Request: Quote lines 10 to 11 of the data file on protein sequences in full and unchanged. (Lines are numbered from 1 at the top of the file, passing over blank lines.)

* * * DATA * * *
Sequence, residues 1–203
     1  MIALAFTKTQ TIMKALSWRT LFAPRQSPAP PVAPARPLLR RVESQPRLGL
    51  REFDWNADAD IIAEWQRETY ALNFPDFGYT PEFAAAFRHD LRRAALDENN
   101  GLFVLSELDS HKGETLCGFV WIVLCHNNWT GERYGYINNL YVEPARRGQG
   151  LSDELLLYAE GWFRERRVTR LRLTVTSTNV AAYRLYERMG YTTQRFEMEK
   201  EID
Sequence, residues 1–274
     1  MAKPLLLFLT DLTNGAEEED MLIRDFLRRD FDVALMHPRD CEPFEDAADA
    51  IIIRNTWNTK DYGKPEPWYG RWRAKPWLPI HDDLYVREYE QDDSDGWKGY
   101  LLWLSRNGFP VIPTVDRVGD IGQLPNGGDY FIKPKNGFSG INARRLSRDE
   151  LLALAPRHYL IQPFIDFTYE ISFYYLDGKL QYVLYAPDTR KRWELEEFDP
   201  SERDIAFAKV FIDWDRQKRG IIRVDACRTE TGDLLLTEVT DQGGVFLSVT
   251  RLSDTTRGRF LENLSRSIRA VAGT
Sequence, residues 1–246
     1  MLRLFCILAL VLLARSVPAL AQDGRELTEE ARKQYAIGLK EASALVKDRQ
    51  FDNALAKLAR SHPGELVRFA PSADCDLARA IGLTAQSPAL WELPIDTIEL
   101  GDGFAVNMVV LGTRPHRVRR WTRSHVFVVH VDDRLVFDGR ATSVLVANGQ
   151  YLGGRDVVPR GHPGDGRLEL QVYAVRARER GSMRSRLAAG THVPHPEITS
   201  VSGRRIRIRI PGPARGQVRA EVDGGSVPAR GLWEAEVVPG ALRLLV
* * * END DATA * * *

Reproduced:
   101  LLWLSRNGFP VIPTVDRVGD IGQLPNGGDY FIKPKNGFSG INARRLSRDE
   151  LLALAPRHYL IQPFIDFTYE ISFYYLDGKL QYVLYAPDTR KRWELEEFDP